According to press reports, President Bush is considering elimination of the deduction for state and local taxes as part of tax reform. While defensible tax policy, I don't think he realizes just how extraordinarily difficult such an action will be. Unless it is combined with something incredibly popular that Congress is forced to accept as a package deal, I see little likelihood of this measure being enacted.
In 1984, President Reagan asked the Treasury Department to study tax reform. It recommended elimination of the deduction for state and local taxes mainly on the grounds that it subsidized consumption through government. As Treasury's report explained:
The current deduction for state and local taxes in effect provides a federal subsidy for the public services provided by state and local governments, such as public education, road construction and repair, and sanitary services. When taxpayers acquire similar services by private purchase (for example, when taxpayers pay for water or sewer services), no deduction is allowed for the expenditure. Allowing a deduction for state and local taxes simply permits taxpayers to finance personal consumption expenditures with pre-tax dollars.
When Reagan sent his tax reform proposal to Congress in May 1985, it emphasized fairness, saying the state and local taxes deduction mainly benefited those with high incomes and those in high-income states. Because the loss of revenue is large, requiring higher federal tax rates, the result is that low-income taxpayers and those in low-income states in effect subsidize the rich.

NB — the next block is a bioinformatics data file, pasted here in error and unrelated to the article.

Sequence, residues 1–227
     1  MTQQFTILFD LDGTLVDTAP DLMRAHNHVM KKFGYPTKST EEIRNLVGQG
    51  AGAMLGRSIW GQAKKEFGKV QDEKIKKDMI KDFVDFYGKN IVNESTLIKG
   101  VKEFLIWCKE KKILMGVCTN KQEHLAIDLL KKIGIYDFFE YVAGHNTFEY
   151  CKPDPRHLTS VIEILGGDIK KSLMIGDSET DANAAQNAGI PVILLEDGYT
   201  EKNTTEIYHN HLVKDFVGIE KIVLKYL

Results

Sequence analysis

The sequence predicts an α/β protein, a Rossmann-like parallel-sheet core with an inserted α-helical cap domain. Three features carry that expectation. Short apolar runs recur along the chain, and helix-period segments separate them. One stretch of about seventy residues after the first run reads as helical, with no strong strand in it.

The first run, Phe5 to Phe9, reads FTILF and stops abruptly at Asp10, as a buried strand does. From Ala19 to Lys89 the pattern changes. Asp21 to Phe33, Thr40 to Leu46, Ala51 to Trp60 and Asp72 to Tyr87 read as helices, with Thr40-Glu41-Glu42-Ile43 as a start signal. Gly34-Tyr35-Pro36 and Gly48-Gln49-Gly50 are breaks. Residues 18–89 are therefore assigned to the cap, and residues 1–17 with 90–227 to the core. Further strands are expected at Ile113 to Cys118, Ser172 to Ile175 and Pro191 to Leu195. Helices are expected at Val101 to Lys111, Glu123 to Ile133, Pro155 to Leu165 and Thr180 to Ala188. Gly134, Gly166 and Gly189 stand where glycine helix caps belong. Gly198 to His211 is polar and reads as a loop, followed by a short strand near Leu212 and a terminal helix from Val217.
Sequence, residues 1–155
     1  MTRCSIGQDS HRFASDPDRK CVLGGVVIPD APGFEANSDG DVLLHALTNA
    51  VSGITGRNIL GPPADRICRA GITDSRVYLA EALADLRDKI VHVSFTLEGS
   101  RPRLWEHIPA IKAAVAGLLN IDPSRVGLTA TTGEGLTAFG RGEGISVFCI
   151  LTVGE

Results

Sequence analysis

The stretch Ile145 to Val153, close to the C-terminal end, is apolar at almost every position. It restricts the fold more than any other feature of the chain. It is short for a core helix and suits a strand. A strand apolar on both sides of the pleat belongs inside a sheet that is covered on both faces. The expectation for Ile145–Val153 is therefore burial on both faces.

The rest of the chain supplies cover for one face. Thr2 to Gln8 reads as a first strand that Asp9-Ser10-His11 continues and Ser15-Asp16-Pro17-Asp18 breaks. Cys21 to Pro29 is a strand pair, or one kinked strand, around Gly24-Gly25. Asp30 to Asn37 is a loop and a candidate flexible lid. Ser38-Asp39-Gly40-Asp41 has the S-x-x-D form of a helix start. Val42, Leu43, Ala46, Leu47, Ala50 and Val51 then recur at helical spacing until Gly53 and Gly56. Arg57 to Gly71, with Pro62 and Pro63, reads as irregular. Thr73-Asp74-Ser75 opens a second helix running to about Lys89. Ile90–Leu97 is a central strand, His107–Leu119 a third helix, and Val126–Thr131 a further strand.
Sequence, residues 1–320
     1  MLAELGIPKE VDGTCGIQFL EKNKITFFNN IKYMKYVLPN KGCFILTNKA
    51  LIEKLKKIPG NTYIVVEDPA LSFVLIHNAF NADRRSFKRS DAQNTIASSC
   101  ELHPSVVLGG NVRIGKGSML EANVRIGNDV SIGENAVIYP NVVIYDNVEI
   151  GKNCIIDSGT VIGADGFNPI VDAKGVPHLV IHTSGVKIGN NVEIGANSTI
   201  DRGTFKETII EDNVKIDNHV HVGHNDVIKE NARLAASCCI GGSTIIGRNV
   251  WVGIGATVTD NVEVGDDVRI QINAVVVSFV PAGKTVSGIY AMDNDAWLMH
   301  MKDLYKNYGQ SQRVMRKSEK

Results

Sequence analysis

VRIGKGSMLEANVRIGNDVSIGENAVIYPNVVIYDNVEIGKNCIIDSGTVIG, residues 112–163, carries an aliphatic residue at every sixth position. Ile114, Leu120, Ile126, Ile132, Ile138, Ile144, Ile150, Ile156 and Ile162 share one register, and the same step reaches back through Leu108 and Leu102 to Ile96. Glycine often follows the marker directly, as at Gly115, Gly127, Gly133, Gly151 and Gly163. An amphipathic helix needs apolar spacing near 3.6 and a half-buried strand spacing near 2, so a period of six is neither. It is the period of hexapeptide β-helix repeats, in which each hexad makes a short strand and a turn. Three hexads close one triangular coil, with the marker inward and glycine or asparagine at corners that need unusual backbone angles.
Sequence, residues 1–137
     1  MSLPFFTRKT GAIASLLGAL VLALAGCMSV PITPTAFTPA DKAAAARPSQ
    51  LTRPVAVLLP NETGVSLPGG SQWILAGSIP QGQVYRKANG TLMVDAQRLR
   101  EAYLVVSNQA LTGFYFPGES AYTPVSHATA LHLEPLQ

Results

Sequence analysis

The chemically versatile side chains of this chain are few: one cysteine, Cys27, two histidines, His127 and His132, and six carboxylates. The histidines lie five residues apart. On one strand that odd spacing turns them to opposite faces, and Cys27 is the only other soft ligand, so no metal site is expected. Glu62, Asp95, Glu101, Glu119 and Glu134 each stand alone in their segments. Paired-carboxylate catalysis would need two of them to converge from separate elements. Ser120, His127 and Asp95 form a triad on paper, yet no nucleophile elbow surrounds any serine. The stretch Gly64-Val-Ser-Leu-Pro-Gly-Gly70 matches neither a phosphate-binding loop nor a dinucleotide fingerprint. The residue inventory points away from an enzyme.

These are still valid arguments. The states that benefit most from the state and local deduction are those with the highest taxes, which generally are those with the highest per capita incomes. Because the top federal income tax rate is 35 percent, in effect the top state and local income tax rate is reduced by 35 percent. A state rate of 10 percent is really only 6.5 percent when federal deductibility is taken into account.
This encourages states to impose higher tax rates than they might otherwise adopt, have governments provide services that the private sector might better be able to deliver and finance such services with deductible taxes rather than nondeductible fees that might be more efficient. Low-tax states and those without income taxes in effect underwrite these larger governments and higher taxes.
Bruce Bartlett is a former senior fellow with the National Center for Policy Analysis of Dallas, Texas. Bartlett is a prolific author, having published over 900 articles in national publications, and prominent magazines and published four books, including Reaganomics: Supply-Side Economics in Action.
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